Our trains are made up of many individual components, many of which are unique. It often takes a lot of time and materials to keep small quantities of them available. We have found a solution to this in 3D printing, which enables us to work more efficiently and with fewer resources.
In this computer-based procedure, the original component is first measured or scanned and then converted to digital data. The part is built up layer by layer, of either plastic or metal.
A powder-fed process is normally employed for small components with finer structures. The powder is melted on at the desired sites, layer by layer, using a laser beam. This process is repeated hundreds or thousands of times depending on the size of the component. Alternatively, for larger and coarser structures, metallic wire or plastic is melted and applied.
Recycling filament for even greener 3D printing
At our maintenance depots, we are currently running to try out a new type of 3D printing using a filament – a kind of plastic thread – that is made from a 100% recyclable synthetic material. The RC material will be used for printing tools at DB. Its first application will be to create a matrix for attaching adhesive symbols in our trains. The material reduces the consumption of resources, and if we are happy with the test's results, we may soon start using it in other areas as well.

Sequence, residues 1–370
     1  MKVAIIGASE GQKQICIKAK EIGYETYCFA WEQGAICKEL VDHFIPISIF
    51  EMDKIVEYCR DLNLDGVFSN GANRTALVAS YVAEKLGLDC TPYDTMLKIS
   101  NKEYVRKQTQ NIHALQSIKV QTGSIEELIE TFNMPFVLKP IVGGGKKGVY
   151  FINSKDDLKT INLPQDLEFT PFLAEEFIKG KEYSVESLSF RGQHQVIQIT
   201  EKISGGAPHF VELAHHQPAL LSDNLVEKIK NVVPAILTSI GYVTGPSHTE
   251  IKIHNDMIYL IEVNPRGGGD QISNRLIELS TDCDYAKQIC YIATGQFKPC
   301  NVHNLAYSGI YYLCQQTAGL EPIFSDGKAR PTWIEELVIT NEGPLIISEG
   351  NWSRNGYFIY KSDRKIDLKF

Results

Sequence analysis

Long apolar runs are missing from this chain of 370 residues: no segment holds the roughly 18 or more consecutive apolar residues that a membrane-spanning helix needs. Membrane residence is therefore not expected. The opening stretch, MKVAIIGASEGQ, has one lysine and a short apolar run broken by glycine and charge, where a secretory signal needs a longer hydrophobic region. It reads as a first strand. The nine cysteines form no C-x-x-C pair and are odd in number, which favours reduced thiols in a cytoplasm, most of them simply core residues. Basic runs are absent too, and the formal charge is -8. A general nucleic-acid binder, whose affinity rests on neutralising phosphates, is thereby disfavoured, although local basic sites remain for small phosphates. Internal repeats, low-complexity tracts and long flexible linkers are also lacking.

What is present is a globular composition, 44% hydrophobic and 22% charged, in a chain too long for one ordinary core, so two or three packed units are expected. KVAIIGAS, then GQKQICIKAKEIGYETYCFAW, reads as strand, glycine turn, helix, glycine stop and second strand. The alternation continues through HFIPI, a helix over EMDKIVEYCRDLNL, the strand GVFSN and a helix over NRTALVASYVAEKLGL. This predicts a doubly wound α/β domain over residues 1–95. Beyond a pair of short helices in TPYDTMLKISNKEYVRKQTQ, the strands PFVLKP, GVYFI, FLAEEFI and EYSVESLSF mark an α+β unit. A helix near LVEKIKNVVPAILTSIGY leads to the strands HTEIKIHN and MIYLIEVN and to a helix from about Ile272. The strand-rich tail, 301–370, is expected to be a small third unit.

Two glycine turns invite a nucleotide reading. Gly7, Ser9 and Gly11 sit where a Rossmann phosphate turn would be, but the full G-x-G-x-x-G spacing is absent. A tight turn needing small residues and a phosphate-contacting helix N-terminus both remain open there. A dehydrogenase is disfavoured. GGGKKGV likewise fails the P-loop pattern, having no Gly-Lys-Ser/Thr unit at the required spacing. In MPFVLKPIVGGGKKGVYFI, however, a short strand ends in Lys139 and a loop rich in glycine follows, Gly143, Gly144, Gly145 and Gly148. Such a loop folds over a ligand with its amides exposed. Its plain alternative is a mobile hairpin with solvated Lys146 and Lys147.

Less raw materials and fewer transport routes
But 3D printing offers even more environmental benefits. We can produce components exactly when they are needed – and in next to no time. This allows us to avoid long waiting times and to get our trains back on the tracks faster. We can use 3D printing to replace components that are no longer available, thus extending the life cycle of our assets.
As well as saving time, 3D printing also conserves valuable raw materials, as we no longer have to stock large quantities of replacement parts. We can manufacture them as and when we need them. And we use only the raw material required for the component. But not only that: we also save on transport journeys, which means reduced CO2 emissions. In the future, DB Schenker will be able to print components directly on the customer's premises, eliminating the need for shipping over long distances.
3D printing as part of training courses
3D printing is an integral part of vocational training at DB. Trainees at our depots learn about it during their courses. This includes working independently on designing and printing materials and equipment for everyday use.
Futuristic technology for even more environmental protection
The growth potential for 3D printing for us at DB is huge. Since 2015 we have already printed a wide range of (replacement) parts, more than 30,000, in 500 different areas of use, from coat hooks to handrail signs in braille to safety-critical braking components on vehicles. The parts were printed primarily with the help of a partner network. Now we are rolling out the use of 3D printing further and are producing more and more products ourselves.
By using this print-on-demand process, we are making yet another important contribution to environmental protection.